Why Is Egypt Being Unfairly Blamed for the Russian Plane Crash in Sinai?

In this photo from the Prime Minister’s office, Egyptian authorities visit the site of the deadly Russian plane crash that killed all passengers on board on Saturday, Oct. 30, 2015


It has now been over a week since Metrojet Flight KGL9268 crashed in Sinai killing all 224 people on board. Speculation has been swirling since the news broke even though everyone knows it takes time for evidence to be collected and analyzed and for definitive conclusions based on facts to be made.

Recently, however, coverage of the tragedy has begun to take on a different tone.

The media is coming out with outlandish claims about Egypt. Look at the headline of this opinion piece published by the Editorial Board of the Washington Post: “Russian and Egyptian officials are not to be trusted over airline crash.”

This serves no purpose other than to fan the flames of mistrust and misinformation and to vilify the Egyptian government. The article makes the ludicrous claim that Egypt’s fight against ISIS is merely “a pretext to accomplish other ends, such as repressing peaceful domestic opponents and distracting attention from declining living standards.”

Assuming this tragedy did occur because of a terrorist bomb, the downing of an aircraft that took the lives of 224 people is a clear sign that Islamic terrorism in Egypt is a real fight that needs to be fought and hardly just a distraction for internal woes of the country.

The article also goes as far as to say, “The Egyptian and Russian regimes are far less adept at fighting terrorism than they are at lying” and claims that Egypt and Russia will find some way to blame the CIA for the crash. They also say that the transport minister was purposefully obstructing Britain’s evacuation efforts by reducing the number of flights available from 29 to eight.




How did Egypt go from the setting of a tragic, lethal plane crash to an irrational, lying, incompetent state that is trying to get in the way of finding answers?

Why aren’t travel advisories being issued for Las Vegas after a British Airways flight caught fire on the runway and wounded 14 people?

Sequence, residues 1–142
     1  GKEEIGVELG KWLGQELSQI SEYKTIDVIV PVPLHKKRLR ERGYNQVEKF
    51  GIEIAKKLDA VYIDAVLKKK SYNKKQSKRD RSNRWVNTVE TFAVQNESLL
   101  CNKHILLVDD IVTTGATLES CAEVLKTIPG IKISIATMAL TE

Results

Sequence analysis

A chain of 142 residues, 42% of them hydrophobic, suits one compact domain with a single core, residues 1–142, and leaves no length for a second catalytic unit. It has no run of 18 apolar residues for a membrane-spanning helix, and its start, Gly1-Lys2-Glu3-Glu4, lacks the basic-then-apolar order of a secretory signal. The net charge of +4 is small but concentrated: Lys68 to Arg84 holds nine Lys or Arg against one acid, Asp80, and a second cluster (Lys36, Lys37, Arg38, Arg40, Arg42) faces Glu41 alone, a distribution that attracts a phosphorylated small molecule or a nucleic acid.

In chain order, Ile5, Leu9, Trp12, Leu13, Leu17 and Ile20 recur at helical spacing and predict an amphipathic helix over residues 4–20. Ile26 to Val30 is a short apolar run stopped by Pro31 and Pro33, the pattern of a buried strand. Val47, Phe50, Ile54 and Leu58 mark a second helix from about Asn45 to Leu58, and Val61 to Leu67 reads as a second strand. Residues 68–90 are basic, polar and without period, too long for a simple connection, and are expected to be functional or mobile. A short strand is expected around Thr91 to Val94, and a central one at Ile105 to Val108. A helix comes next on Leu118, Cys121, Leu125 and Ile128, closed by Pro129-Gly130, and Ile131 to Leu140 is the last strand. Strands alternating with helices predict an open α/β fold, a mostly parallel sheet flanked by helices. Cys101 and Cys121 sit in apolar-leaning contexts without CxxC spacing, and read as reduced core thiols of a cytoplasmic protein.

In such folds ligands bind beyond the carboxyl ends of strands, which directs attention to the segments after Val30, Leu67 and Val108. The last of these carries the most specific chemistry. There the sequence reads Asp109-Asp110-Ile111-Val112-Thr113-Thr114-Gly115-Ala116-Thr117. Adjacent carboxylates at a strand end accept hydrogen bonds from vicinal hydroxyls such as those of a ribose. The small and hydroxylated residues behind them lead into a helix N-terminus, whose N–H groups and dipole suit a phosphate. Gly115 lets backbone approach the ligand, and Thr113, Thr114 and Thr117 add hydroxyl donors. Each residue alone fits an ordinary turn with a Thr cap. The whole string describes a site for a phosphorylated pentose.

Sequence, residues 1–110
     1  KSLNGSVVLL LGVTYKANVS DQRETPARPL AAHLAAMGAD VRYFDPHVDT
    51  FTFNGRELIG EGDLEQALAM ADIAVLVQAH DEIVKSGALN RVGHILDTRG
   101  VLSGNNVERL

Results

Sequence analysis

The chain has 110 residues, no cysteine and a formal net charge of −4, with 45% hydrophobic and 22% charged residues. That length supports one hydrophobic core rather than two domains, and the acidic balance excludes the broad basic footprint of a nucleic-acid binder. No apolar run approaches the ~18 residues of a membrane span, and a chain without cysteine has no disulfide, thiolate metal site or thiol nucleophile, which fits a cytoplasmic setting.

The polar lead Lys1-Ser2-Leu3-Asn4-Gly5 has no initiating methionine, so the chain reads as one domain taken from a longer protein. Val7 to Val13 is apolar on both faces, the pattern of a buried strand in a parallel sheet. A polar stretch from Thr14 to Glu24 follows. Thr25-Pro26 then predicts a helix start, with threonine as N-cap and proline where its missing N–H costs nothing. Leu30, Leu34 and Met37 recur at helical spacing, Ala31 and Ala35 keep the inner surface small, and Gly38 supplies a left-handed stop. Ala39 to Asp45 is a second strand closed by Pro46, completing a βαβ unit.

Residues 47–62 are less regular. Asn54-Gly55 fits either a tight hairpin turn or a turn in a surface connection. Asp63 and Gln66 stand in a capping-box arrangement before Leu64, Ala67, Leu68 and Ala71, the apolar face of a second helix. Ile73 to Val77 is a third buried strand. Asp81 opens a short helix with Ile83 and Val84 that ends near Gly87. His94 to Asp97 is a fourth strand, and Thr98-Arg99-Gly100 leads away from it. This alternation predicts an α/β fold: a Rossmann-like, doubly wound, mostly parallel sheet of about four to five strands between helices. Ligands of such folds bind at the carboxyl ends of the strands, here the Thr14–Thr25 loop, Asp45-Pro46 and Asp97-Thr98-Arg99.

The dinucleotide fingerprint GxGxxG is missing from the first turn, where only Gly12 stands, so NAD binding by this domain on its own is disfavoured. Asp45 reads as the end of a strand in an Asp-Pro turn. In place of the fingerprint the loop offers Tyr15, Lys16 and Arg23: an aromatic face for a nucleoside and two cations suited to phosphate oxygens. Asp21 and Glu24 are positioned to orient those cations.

When the pilot of a Germanwings flight from Spain to Germany purposefully flew himself and 149 others into a French mountainside, why wasn’t anyone blaming the inadequacy and incompetence of the Spanish, German and French governments to prevent something like this from happening?

Even after 9/11, the most notorious case of airline terrorism, blame was shifted away from the U.S. government who directed it towards a campaign of hate against Arabs and Muslims worldwide.

Egypt is receiving not only a disproportionate amount of negative attention for this tragedy, but an unfair amount of blame.

2014 saw 111 plane crashes resulting in 1,320 deaths. Most notable among those crashes were two Malaysian Airlines flights: Flight 370 which was carrying 239 people and disappeared completely somewhere over the Indian Ocean, and Flight 17 which was shot down over Ukraine killing all 298 people on board.

There weren’t any travel restrictions imposed for Malaysia or outright condemnations of their government, and nothing more than a notice to avoid flying over that part of Ukraine went out. So what is with all of this media attention focused on keeping people away from Egypt?

It is no secret that Egypt depends on its tourism sector, which accounted for 13% of the economy in 2013. Russian tourism especially is huge in Egypt.

According to the AP, “three million Russian tourists visited Egypt last year, making up one-third of all visitors to the country in 2014. Rosstat, Russia’s statistics bureau, adds that nearly 20 percent of all Russians traveling abroad went to Egypt in the first half of this year.”

No one is trying to minimize the importance of this event in an attempt to preserve the tourism industry, but it is extremely damaging and false to portray Egypt in general as unsafe. Daily life goes on uninterrupted in cities and tourists enjoy relaxing vacations in resorts all around Egypt without incident.


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Russia did not initially cancel flights to and from Egypt, as did other countries in the wake of the tragedy, and it was recently announced that the 80,000 Russians currently in Egypt will continue their vacations and not be evacuated. This is the kind of cautious but practical outlook on tourism that needs to take place so as not to generate unnecessary fear of Egypt.

The point is this: We still don’t know for certain that it was a bomb that brought down the plane full of Russian tourists. The overall security of Egypt should not be misrepresented.

If it does turn out to be an instance of terrorism, then the lesson that should be taken away is that the fight against terrorism is a global one. Terrorist acts are perpetrated all over the world by people of various religions, nationalities and backgrounds.

Should travel be restricted to all of the United States based solely on the violence and bloodshed that goes on every day in Chicago?

Someone is to blame for this tragedy, but it’s not the people of Egypt, who will undoubtedly be the ones to suffer from this unfair and unfounded representation.


WE SAID THIS: What do you think of the Western media backlash against Egypt? Tell us your thoughts in the comments below.